Keil Corcoran talks STRFKR and his musical coming of age in Vegas
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Portland-cum-Los Angeles band STRFKR has a lot of celebrate when its bus drives into Las Vegas this week. The band will have just completed its late-spring tour, which introduced new visual components, as well as this year’s Miracle Mile, on which vocalist/instrumentalist Josh Hodges invited his bandmates to join the writing process for the first time.
It also will serve as a homecoming for singer/drummer/keyboardist Keil Corcoran, who served time in several local bands before moving to the Pacific Northwest — including Flaspar, an indie act of great renown from the late 1990s to the mid 2000s. Though STRFKR played here last year, at The Royal’s Pastel Project, it returns for its first headlining show in almost exactly four years.
How does the LED wall add to the vibe? And does it affect the band’s performance in any way?
Keil Corcoran: Yeah, I think it makes it more immersive, and since [it’s been] incorporated, it makes the kids go a little more nuts. I like it. It increases the impact of the songs a little more. It definitely makes it more fun, too. We see the crowd energy, they get more pumped, and then we get more pumped.
Did the new collaborative process for Miracle Mile make you a different band at all?
Yeah. [Guitarist] Patrick [Morris] just joined a year ago, so definitely he feels more integrated. We all feel more integrated. It’s definitely a good feeling [with regard to] the creative process.
Why did you move to L.A., and did that affect the band dynamic?
We all live in L.A. now. We primarily moved for the weather. Once I got to L.A., I got way more productive, and I think we all did. It didn’t really affect [us]. We just fly to meet one another. Patrick was living in San Luis Obispo, Josh and [multi-instrumentalist] Shaun [Glassford] in Portland — for a lot of that, Josh was just traveling — and I was living in L.A. We just meet up pretty regularly.
I remember Beans, formerly of Afghan Raiders, telling me he was working on a new musical project, but he didn’t say it was with you. Can you tell us anything about your collaboration?
It’s kind on in the early stages; we’re sending files back and forth. It’s probably going to be dance music. We’ve got four or five songs. I’m hoping to get some of that done before we go back on tour.
Were you ever surprised by the response Flaspar got in a developing music scene like the one in Las Vegas?
I thought the band was pretty good, so I wasn’t super-surprised. I was always a fan of how Cody [Brant] wrote, and we started collaborating. It was good. I wish we could have done more with it, a shame it ended it when it did. We had a lot of fun while we were doing it.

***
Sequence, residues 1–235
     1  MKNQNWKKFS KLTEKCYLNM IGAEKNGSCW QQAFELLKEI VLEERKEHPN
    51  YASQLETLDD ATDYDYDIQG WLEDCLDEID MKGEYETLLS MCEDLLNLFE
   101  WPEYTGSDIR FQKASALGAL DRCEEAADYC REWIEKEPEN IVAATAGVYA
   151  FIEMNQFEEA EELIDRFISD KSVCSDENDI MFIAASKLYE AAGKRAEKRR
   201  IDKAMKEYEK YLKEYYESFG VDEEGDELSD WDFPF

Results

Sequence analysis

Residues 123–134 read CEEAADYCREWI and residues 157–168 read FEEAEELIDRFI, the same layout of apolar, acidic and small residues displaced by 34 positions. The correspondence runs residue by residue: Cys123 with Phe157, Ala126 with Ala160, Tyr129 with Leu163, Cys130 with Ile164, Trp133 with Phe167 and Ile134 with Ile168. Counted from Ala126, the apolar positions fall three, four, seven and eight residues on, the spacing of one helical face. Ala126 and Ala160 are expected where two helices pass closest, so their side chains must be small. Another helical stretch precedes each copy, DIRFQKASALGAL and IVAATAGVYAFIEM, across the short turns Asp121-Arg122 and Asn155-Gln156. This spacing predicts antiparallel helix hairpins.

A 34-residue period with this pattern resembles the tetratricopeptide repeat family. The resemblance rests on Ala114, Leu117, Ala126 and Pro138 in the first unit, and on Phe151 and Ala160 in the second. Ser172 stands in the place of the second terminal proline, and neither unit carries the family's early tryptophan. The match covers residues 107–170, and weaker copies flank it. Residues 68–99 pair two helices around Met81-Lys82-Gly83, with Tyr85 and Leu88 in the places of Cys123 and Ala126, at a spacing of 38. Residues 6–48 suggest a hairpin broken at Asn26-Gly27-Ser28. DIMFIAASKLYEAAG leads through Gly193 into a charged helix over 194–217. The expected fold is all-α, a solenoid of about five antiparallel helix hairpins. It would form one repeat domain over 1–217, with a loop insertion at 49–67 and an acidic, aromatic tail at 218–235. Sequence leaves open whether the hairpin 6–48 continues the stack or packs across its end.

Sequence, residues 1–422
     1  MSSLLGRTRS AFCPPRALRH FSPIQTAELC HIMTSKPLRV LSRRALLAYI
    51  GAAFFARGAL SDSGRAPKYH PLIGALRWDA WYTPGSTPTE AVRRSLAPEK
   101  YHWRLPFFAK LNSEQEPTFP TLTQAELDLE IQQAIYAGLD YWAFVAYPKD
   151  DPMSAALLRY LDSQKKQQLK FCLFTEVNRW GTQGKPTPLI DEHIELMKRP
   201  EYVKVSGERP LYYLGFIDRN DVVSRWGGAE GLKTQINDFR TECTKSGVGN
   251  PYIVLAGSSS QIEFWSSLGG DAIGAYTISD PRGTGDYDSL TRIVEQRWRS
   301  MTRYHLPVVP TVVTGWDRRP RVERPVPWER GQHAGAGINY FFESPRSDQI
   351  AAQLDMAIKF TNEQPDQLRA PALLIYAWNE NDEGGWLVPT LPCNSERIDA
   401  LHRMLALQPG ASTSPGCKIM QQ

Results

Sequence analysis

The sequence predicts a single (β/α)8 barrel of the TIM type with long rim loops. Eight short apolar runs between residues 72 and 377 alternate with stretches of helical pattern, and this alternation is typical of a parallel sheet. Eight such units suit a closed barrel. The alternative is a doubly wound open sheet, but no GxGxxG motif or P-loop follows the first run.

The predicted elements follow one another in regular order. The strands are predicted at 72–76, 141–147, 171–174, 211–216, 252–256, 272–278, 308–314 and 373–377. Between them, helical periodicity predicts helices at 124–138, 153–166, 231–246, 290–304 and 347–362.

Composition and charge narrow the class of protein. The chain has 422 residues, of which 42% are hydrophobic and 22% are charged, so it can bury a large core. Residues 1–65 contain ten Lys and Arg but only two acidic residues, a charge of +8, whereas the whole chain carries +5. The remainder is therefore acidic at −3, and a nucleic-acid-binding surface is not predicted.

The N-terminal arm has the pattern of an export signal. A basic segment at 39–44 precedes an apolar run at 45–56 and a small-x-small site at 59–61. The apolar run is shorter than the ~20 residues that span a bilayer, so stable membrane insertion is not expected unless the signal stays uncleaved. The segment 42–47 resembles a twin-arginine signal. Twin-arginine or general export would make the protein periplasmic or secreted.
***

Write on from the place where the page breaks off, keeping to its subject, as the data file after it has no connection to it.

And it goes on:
Besides Flaspar, you were affiliated with Weirding Way and Vulcans, which were more aggressive than STRFKR. Do you ever go back to that kind of music in the creative process, and if so, what’s your outlet for it?
Mainly I just like to play fast drums, that’s why I played in punk and metal bands; it’s fun. I played some grindcore drums in a band in L.A. just for fun a couple weeks ago. When I write stuff, it’s mostly post-punk or kind of industrial stuff.
What compelled you to open your former gallery, The Louvre, and do you do anything with the visual arts today?
I still illustrate. I was a web developer for a long time so I’m all into computer programming. I started The Louvre because there wasn’t a place to throw shows. It was a front for a weird venue; there wasn’t a whole lot of artwork in there.
You also used to live in the Huntridge neighborhood. They’ve just started a crowd-funding operation to revive the place, to make it, among other things, an all-ages venue again. Did you have any personal connection to that place?
Oh, yeah, for sure. I used to go to shows there every week. I used to live on the west side, off Charleston and Buffalo, and I took the bus to The Huntridge pretty much every week. I saw a lot of really cool shows there. I saw when the roof collapsed, and The Circle Jerks [had to play] the parking lot. I hope they reopen it. It was pretty much the only all-ages venue that ever sustained in Vegas, and Vegas needs that, for sure.
What about your time in Las Vegas do you feel had the most impact or influence on your evolution as a musician?
I liked how there were no places to play, no all-ages shows, so as a kid growing up, we played house and desert shows and a string of record shops. … We did everything ourselves because there were no all-ages shows. I don’t think a lot of towns had that. It was a positive thing.
With Wampire and Feelings. Thursday, June 13, 9 p.m.; Beauty Bar, 519 Fremont St., www.thebeautybar.com, $15. DJ set: Friday, June 14, 10 p.m.; Velveteen Rabbit, 1218 Main St., 685-9645, free.